My partner and I were once walking to
Findlay Market from the spooky end of Green Street. We held hands as we
neared the market. A scruffy, possibly homeless, black man approached. I
made eye contact with him. At first, he spoke amicably. Until he saw that we were hand in hand.
Ginger Dawson is an iconic woman for more
reasons than her aesthetic, though her blunt bangs, her
from-a-bottle-henna-red hair and her penchant for black and/or retro
clothes aligns her more readily to the equally iconic Punk designer
Vivienne Westwood than to the “genteel” antiques mall proprietress she,
ahem, once was.
In the mid-1990s when Venus and Serena
Williams were teenagers, when the jangle of beaded scalp-tight cornrows
and silver braces on their teeth long preceded waist-length weaves and
fake painted fingernails, neither blacks specifically nor America generally knew
exactly what we were looking at when we looked at the Williams sisters.
The night before I sat down to write
this, I had formulated in my head the perfect first sentence to describe
my emotional station, but I have now lost that to anxiety, to slumber,
to dreams. The best sentence is this one:
My kidneys are failing me because I have failed my body.
Dear Santa Ono: At the risk of putting everybody all up
in our business, I am writing you this as a sincere favor — to help you
by telling you some key things about yourself, your current station and
ways you can redeem yourself and the University of Cincinnati.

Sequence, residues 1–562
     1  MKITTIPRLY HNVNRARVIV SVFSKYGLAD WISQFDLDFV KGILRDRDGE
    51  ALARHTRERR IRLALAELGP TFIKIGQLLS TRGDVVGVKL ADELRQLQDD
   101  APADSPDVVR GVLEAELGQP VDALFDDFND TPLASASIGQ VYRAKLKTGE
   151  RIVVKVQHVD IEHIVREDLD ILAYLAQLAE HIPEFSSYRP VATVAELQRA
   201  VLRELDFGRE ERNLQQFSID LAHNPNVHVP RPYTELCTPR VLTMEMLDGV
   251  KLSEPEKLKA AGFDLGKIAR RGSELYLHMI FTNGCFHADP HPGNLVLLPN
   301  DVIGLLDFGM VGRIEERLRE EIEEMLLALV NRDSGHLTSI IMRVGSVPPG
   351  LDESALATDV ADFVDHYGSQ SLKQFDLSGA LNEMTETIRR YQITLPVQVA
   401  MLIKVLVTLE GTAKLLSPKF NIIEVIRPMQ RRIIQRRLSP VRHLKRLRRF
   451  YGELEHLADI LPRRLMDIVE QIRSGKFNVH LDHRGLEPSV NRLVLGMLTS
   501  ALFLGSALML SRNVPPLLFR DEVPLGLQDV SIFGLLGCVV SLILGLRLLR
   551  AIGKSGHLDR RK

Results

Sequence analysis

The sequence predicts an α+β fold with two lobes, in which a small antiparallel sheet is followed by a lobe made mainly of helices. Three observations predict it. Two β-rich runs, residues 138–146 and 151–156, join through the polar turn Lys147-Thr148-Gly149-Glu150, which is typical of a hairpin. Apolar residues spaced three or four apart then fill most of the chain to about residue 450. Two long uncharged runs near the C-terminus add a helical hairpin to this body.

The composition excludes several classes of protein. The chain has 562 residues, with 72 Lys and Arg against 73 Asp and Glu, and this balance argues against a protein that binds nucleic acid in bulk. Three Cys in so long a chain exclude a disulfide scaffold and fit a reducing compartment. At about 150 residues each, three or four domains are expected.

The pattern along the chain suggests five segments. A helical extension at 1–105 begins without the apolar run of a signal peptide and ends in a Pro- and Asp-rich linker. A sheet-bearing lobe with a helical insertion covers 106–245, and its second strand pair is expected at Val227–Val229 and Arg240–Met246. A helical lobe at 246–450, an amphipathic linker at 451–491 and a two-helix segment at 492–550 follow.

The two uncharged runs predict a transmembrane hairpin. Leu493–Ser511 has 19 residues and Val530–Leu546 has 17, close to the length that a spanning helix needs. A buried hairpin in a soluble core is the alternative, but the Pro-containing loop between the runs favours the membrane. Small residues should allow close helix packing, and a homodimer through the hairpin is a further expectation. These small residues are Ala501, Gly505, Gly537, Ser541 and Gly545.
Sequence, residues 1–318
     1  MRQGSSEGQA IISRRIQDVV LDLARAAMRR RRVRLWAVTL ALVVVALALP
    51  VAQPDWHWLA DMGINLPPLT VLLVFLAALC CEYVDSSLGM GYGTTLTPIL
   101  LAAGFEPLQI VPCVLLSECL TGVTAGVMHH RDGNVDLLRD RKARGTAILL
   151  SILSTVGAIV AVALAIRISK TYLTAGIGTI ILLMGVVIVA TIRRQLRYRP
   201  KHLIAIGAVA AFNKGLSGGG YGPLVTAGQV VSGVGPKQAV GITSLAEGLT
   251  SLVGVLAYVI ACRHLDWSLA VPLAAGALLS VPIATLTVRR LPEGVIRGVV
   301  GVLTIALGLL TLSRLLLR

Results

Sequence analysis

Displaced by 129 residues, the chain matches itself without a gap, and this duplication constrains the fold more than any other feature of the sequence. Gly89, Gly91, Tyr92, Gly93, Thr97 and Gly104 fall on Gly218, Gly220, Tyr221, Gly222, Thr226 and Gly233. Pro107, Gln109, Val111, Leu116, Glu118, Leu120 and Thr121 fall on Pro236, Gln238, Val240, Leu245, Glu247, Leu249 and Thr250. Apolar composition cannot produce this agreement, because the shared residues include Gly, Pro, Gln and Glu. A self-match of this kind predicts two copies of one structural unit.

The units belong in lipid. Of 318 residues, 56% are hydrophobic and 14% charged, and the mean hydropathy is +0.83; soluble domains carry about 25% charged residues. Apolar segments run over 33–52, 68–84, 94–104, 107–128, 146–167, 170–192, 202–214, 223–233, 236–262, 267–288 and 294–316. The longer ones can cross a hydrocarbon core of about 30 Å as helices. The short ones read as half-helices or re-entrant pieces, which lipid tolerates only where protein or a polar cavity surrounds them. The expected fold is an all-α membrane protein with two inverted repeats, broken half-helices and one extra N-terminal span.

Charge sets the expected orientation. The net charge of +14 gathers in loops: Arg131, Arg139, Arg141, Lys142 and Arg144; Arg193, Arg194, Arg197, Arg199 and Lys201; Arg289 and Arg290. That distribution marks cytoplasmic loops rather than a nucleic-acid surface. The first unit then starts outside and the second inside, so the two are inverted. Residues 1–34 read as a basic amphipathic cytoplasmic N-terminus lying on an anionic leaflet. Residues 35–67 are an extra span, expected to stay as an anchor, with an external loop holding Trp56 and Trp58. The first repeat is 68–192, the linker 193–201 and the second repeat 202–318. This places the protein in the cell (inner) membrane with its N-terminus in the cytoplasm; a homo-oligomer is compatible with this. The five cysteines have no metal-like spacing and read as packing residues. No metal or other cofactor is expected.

Bill Cosby created The Cos — perhaps unofficially in the early 1970s, after breaking a color barrier by being cast in in I Spy in 1965 — as a means of convincing us he wasn’t at all like that lecherous curmudgeon Bill Cosby. Again.
I detest summer in Cincinnati. Whenever I hear sirens — and living on a boisterous corner of Woodburn Avenue for the past 13 years I hear plenty of sirens — I think: Cincinnati police must be taxed and overworked.
If Charles Bukowski had a cousin who was
slightly less self-destructive, not at all a womanizer and who lurked in
the deeper shadows of Bukowski, writing in the margins, it would have
been Larry Gross.
Rachel Dolezal’s adopted black brother said: “It all started with the hair.” If she weren’t in the news for being
black but really white, I would say that “starting with the hair” would
most definitely make the recently resigned president of the Spokane
chapter of the NAACP a black woman.
As Cincinnati Police Chief Jeffrey
Blackwell prepared to hand in his city manager-ordered 90-day plan to
curb this city’s outburst of violence, black folks from Avondale to
Westwood, Walnut Hills to Bond Hill to Winton Hills and even murderous
black parents under the jurisdiction of the local branch of Ohio Jobs
and Family Services behaved as though their black lives — and no others —
mattered worth a damn.
When Thom Shaw was alive, sometimes I
would do a drive-by to see if his little black truck with the ARTWERK
license plate was in the parking lot in Essex Studios. If it was and I
had some time — because Thom Shaw could talk me under the table — I’d
pull in and make my way back to his space.